(this article was first published in The Huffington Post)
I’m proud to be born somewhere in-between the Baby Boomers and the Millennials. I believe they call it the generation X. Based on statistics from the hot of the press report ‘American Attitudes Towards Art’ carried out by Invaluable, it looks like I have benefited from the social habits of both worlds. I’m a traditionally trained fine artist that has had to develop a passion for the mobile digital medium. And as you’ll find out, this has its benefits.
The results of this eye-opening survey suggest that If you were born before 1965 you are more likely to be digitally challenged but could enjoy a three hour trek around an art museum or gallery in the conventional sense before deciding to purchase a unique piece of art. Conceived after 1982 and you’ll have a tendency suffer from what I’d call “digital impatience” and understandably seek out more efficient, accessible and excitingly visual ways of collecting, appreciate and buying art online.
I hear the ‘Baby Boomers’ parroting the age old phrase, “what is this new generation coming to!”, in response to the infuriating way the youth of today experience the world through smart phones and tablets as opposed to savouring the tangible experience.
The way Millennials behave is different but let’s not be naive, their experience is not better or worse than their predecessors, it’s just unique. If I’m really honest with myself, my 16 year old daughter experiences the world in a much more complex way than I ever did in my teens. She still takes advantage of the many opportunities to experience her environment in a tangible way. However, a significant part of her social time is spent expertly exploring, recording, sifting through and sharing the sea of information she is bombarded with from online sources.
Before I became a full-time artist. I was head of art for 12 years in a cutting edge inner London school. My ultimate mission was to encourage a diverse selection of children from 11 to 18 to learn the skills needed in making and appreciating art. And many of these children are now young Millennials.
For some time I struggled to understand why these inquisitive teenagers were often left cold following our regular visits to the latest museum or gallery exhibition. On reflection, I realise that the experience was often influenced by the attitude towards art taken by the very curators who put the shows on. And they were not necessarily taking into account the way our younger generations behaved.
It wasn’t long before I recognized the problem and incidentally the solution. My student’s inability to appreciate art in these circumstances was not because of their lack of creativity or feeling. The answer lied in there social habits. Obvious you might say. Well not to the vast majority of schools and educational institutions of the time.
The digital medium in the form of smart phones and tablets had become imbedded in the way the younger generation experienced art. For these young people the experience of finding something they were inspired by was not an isolated one as in my parent’s era. For Millennials the joy of experiencing art was tied-up in the act of sharing it with their peers.
I recount a trip to Paris where students surprised me by insisting we make the somewhat complicated trek through the Louvre, with it’s labyrinth of identical rooms, in search of the famous Mona Lisa. Even before we arrived, the discussion around it’s value and mystery had become more of a focus of interest to them than the actual physical masterpiece.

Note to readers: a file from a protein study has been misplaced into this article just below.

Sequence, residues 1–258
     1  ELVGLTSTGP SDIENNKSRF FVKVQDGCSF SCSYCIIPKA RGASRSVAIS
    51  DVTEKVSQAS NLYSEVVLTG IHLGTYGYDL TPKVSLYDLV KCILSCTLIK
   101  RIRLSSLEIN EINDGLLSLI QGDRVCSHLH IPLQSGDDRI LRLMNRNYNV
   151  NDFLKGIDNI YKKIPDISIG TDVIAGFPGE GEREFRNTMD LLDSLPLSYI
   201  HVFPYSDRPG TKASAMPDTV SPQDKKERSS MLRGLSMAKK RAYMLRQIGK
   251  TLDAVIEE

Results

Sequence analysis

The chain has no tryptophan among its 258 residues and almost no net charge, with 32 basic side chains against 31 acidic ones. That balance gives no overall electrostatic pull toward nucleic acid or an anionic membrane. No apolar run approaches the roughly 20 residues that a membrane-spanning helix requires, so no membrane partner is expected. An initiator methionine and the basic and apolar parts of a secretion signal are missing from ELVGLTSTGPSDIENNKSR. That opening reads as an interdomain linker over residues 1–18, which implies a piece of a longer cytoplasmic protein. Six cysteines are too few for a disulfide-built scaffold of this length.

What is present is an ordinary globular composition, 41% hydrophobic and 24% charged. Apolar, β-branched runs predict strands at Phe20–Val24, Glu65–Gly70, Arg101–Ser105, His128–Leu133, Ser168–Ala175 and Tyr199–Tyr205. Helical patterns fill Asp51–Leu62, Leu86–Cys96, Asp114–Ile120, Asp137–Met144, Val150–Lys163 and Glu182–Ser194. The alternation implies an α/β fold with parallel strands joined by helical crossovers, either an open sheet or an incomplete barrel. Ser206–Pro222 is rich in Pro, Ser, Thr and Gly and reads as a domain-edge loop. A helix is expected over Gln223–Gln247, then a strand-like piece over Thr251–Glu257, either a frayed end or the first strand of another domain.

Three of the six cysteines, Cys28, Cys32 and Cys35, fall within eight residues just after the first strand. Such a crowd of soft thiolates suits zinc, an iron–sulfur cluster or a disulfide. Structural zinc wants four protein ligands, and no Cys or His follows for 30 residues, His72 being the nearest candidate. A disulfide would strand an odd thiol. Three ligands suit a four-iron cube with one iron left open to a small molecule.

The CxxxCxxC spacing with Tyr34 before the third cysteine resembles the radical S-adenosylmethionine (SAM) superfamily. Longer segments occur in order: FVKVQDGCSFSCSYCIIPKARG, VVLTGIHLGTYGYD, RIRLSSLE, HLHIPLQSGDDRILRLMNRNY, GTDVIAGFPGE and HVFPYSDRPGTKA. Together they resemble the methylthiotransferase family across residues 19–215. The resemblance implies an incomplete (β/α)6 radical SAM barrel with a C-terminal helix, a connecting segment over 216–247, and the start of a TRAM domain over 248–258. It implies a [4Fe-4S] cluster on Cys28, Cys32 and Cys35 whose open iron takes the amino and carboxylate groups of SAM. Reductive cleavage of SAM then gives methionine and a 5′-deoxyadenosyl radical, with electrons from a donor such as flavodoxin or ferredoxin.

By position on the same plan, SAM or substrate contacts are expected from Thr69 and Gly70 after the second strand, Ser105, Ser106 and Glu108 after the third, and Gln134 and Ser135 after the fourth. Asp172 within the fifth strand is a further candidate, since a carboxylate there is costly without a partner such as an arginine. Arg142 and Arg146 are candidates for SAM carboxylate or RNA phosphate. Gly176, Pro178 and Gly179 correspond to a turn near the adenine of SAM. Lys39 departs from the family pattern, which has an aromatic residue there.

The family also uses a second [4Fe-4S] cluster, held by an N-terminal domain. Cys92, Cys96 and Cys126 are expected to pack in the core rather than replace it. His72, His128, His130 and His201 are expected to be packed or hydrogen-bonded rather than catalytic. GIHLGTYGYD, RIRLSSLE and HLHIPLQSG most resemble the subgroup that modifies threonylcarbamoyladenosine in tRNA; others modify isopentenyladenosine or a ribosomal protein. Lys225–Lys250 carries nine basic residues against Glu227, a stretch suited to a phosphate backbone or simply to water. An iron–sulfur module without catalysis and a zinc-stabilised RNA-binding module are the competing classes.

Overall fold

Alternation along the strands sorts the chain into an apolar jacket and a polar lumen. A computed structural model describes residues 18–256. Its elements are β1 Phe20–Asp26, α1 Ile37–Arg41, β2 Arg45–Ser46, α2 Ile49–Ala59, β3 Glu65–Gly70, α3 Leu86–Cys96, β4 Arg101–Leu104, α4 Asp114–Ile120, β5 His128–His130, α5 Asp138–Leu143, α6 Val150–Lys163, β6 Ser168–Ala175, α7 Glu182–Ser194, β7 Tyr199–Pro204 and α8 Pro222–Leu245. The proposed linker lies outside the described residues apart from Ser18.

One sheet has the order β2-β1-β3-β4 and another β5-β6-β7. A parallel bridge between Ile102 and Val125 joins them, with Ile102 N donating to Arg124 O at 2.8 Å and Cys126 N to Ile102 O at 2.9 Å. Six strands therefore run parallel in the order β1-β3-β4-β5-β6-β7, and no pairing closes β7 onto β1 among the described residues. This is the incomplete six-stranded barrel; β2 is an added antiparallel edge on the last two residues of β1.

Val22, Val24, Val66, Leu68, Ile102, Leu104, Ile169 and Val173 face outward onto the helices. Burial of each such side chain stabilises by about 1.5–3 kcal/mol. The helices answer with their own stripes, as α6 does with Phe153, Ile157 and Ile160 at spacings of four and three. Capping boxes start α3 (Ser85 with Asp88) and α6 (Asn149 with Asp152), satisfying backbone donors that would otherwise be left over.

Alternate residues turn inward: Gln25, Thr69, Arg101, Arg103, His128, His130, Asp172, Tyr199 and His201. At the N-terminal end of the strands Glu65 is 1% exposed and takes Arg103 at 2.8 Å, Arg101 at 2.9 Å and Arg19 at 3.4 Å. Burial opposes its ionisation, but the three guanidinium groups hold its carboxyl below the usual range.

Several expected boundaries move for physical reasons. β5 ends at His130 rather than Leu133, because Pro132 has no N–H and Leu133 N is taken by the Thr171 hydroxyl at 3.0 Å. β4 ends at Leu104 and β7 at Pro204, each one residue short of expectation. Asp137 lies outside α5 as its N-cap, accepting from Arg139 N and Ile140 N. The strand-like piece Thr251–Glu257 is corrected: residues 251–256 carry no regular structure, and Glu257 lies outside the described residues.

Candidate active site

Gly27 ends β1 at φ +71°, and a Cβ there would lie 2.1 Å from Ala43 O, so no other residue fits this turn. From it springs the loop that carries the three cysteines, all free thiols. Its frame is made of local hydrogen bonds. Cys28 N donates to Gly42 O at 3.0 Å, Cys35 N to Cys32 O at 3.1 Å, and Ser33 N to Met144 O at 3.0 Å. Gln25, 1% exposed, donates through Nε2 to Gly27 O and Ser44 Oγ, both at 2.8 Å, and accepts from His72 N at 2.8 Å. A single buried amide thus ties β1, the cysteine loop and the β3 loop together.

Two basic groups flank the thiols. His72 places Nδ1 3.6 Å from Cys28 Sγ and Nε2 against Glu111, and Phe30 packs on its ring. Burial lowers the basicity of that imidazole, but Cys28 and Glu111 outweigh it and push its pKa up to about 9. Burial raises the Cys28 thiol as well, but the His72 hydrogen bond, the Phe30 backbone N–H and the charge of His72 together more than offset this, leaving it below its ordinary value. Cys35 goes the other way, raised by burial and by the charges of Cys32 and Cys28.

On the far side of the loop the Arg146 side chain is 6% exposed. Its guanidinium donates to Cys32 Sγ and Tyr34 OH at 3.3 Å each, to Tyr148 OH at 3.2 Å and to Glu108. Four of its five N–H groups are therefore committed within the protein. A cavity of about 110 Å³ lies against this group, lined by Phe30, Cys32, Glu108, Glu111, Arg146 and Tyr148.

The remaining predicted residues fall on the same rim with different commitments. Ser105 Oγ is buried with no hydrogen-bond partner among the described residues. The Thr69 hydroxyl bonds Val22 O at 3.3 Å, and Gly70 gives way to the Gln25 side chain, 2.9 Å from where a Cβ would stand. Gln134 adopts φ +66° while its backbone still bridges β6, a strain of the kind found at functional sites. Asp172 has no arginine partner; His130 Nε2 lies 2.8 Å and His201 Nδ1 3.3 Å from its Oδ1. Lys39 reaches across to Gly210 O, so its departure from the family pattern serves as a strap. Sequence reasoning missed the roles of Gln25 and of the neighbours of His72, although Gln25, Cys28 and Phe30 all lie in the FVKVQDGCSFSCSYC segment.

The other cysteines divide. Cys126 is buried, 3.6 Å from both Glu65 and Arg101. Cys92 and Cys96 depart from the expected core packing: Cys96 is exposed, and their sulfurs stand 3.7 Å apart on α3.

And you can probably guess what happened once we were faced with the Leonardo’s painting in person. Yes, no less than 30 minutes of intense selfies that were shared instantly with friends and family back home. I had no choice but to take my own selfie with Mona and it was the talking point all the way back to our hotel.
The point I’m really making is that we can’t expect the new generation who have grown up with different social habits, to get excited by art in the same way as we did (GEN X and Baby Boomers).
By adopting the ‘if you can’t beat them join them’ attitude and taking interest in the digital medium as a creative learning tool, I thought I might get a better response. Well there has been no turning back for me. Using tablets in the class room was an instant success and before long, students were independently building online journals of artworks using applications such as Pinterest and getting excited by exploring, discussing and sharing their experiences from recently discovered cave paintings to Damien Hirst’s sheep in formaldehyde.
No surprise then that after leaving the teaching profession to focus on developing my own career as a full-time professional artist, coach and writer, the results of the Invaluable survey resonated with me. In my last Huffington Post article on how ‘Emerging Technology Enables Serious Collectors to Buy and Sell Original Digital Art Securely’, I pointed out that “there can be little doubt over the potential of the mobile digital medium as a major contender in the future of the arts industry”.
My online social media presence, including the ability to build my own following and to share the process of my work along with the final outcomes I create, is going to be key in ensuring future sales from the next generation of collectors. And although galleries and museums will still play an important role in supporting artists, they too are realising that their survival will depend on the social media habits that are revolutionising the way art is being experienced and bought.
“There has never been a more critical time for our industry to prepare and execute digital strategies that engage, inspire and capture the next generation of art buyers — Millennials.”
Rob Weisberg, Invaluable CEO